NPH’s Snooze-Worthy Oscars: A Song-and-Dance, Flat Jokes, and Badass Patty Arquette
The 87th annual Academy Awards opened with a jaw-dropping show tune—then host Neil Patrick Harris drove the thing off a cliff.
“Tonight, we honor Hollywood’s best and whitest—I mean brightest.”
With those words, nimble Neil Patrick Harris introduced himself to Oscar hostdom. For years, the Academy has leaned on everything from stand-up comics (Chris Rock) to fake newsmen (Jon Stewart) to whatever the combination of Anne Hathaway and James Franco was. But the Oscars needed a showman with some pizzazz. That’s what made Billy Crystal the consummate modern-day host; he was a comedian/song-and-dance man, and enough of an insider to poke fun at his myriad celebrity friends—who can forget him serenading Jack Nicholson from the cozy confines of his lap—but enough of an outsider to make the snark go down smoothly. And NPH seemed to fit the bill… at least the first part.
What followed after that well-deserved whiteness dig—again, there are no acting nominees of color this year for the first time since fucking 1998—was a fantastic, thoroughly disorienting musical performance of the old-school show tune “Moving Pictures” set to a montage of classic (and not-so-classic) films, wherein the Tony Award winner was joined by the inimitable mighty-mite Anna Kendrick, channeling her Into the Woods Cinderella, and a bushy, belligerent Jack Black faux-ranting about “formulaic scripts” and superhero flicks. It was a thrillingly bizarre audiovisual assault boasting holograms, dancing Stormtroopers, and a game NPH firing on all cylinders.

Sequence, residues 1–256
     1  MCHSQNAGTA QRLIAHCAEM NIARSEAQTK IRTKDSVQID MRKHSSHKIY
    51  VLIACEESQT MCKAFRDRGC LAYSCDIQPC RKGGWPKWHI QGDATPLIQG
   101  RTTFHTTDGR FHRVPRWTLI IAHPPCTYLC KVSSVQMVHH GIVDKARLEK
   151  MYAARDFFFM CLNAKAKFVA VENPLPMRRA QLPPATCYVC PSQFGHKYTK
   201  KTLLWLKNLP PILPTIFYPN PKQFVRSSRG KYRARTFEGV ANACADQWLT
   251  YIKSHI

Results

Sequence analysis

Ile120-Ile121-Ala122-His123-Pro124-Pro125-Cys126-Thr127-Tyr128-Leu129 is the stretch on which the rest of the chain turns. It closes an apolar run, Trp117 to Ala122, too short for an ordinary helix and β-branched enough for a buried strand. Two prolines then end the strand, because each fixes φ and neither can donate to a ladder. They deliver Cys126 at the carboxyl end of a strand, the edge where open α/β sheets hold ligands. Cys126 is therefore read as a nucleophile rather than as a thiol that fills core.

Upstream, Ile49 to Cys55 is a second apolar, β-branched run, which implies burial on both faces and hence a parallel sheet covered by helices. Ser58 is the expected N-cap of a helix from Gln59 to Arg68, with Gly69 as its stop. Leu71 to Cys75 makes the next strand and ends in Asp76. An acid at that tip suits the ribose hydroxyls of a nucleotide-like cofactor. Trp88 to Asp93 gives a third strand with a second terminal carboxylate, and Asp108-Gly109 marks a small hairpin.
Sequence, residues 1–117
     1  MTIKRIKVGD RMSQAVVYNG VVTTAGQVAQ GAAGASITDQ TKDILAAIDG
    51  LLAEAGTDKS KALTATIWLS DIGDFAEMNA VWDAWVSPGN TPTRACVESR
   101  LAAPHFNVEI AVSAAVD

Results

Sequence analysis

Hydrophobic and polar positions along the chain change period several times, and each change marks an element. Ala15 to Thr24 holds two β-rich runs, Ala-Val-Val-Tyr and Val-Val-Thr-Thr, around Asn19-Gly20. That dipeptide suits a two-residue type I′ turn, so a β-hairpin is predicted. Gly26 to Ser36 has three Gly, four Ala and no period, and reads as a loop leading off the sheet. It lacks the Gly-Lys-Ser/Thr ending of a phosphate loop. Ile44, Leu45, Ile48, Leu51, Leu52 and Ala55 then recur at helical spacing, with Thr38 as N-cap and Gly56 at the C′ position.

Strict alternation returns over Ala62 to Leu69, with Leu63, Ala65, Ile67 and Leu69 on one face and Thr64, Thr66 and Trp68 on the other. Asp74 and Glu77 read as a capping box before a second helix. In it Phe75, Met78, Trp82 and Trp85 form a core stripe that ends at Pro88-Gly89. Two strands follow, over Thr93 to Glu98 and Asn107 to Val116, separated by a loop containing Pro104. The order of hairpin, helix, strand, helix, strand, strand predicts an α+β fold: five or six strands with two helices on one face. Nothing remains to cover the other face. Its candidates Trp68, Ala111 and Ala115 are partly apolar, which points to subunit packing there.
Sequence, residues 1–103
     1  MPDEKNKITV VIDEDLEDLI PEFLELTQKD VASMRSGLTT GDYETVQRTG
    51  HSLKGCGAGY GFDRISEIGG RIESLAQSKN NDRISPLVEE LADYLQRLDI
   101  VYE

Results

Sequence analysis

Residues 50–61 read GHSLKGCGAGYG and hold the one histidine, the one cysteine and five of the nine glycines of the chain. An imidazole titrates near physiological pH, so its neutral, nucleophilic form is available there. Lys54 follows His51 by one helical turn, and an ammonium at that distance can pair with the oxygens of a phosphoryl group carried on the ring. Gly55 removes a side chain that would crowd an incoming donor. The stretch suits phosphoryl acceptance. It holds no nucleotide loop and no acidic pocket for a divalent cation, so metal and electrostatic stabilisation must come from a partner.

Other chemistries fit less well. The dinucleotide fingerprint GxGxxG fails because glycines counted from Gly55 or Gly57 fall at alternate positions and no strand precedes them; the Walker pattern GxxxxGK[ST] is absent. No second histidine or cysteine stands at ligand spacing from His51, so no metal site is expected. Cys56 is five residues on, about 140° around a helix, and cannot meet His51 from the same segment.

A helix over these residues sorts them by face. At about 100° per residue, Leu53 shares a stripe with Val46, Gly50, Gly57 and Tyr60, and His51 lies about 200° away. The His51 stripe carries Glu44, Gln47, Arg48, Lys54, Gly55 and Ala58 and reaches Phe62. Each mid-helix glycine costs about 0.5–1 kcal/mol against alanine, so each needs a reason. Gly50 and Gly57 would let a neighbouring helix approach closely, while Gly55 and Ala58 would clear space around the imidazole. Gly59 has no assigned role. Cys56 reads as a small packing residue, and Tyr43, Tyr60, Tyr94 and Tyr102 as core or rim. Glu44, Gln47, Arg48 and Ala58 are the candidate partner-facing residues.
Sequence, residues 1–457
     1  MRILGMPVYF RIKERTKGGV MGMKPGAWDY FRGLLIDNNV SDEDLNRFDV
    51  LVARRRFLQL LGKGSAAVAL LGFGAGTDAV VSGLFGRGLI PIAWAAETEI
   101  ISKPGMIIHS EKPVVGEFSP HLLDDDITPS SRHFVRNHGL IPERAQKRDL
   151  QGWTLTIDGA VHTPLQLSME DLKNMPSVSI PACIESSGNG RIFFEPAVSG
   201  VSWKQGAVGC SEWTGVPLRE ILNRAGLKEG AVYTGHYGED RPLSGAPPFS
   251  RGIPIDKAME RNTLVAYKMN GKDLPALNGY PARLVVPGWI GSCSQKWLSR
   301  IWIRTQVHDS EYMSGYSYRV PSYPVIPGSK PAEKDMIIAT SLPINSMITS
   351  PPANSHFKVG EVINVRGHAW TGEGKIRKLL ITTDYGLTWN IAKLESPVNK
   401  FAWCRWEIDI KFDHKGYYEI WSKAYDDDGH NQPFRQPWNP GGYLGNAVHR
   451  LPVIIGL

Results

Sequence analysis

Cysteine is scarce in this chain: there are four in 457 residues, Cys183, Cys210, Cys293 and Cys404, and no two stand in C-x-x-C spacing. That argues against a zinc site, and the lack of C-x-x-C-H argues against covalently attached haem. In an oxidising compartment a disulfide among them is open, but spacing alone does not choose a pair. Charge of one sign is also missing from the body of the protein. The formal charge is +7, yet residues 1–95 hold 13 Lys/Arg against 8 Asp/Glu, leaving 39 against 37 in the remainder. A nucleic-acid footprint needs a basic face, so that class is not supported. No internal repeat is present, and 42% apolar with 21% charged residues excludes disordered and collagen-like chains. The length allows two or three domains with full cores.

NPH also dropped some nice jokes at the expense of executives, describing American Sniper’s Chris Kyle as a soldier with “160 confirmed kills, or as Harvey Weinstein calls it: a slow morning,” and the Academy Awards’ outrageous excess, lobbing a nice jab at the ridiculousness of the $160,000 gift bags, replete with “an armored car to take [celebs] to safety when the revolution comes.”
Now, after the big opening number, there was a pretty serious lull in the proceedings.
J.K. Simmons won Best Supporting Actor for Whiplash and told us all to call our moms (sadly opting against throwing his trophy at Miles Teller), The Grand Budapest Hotel collected a few below-the-line awards, and the black-and-white Polish flick Ida won Best Foreign Film, followed by its filmmaker giving the Oscars play-you-off orchestra the proverbial middle finger. Things were getting snooze-worthy. But the ceremony was given a much-needed adrenaline shot courtesy of Tegan and Sara, The Lonely Island, Questlove, and Will Arnett, all of whom joined forces for a rousing rendition of The LEGO Movie’s “Everything Is Awesome”—which also served as a reminder of that film’s gross snub in the Best Animated Feature category.
Then things began to go seriously downhill.